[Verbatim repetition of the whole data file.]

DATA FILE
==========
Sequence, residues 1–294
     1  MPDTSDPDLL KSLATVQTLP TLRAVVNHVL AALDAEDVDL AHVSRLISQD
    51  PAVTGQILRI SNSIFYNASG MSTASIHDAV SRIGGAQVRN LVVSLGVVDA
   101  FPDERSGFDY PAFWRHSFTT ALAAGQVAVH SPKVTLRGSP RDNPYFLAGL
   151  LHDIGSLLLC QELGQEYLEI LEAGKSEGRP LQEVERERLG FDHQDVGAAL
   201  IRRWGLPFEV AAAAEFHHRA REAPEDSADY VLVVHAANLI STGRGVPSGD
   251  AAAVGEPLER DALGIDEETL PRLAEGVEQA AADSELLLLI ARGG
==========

Sequence, residues 1–294
     1  MPDTSDPDLL KSLATVQTLP TLRAVVNHVL AALDAEDVDL AHVSRLISQD
    51  PAVTGQILRI SNSIFYNASG MSTASIHDAV SRIGGAQVRN LVVSLGVVDA
   101  FPDERSGFDY PAFWRHSFTT ALAAGQVAVH SPKVTLRGSP RDNPYFLAGL
   151  LHDIGSLLLC QELGQEYLEI LEAGKSEGRP LQEVERERLG FDHQDVGAAL
   201  IRRWGLPFEV AAAAEFHHRA REAPEDSADY VLVVHAANLI STGRGVPSGD
   251  AAAVGEPLER DALGIDEETL PRLAEGVEQA AADSELLLLI ARGG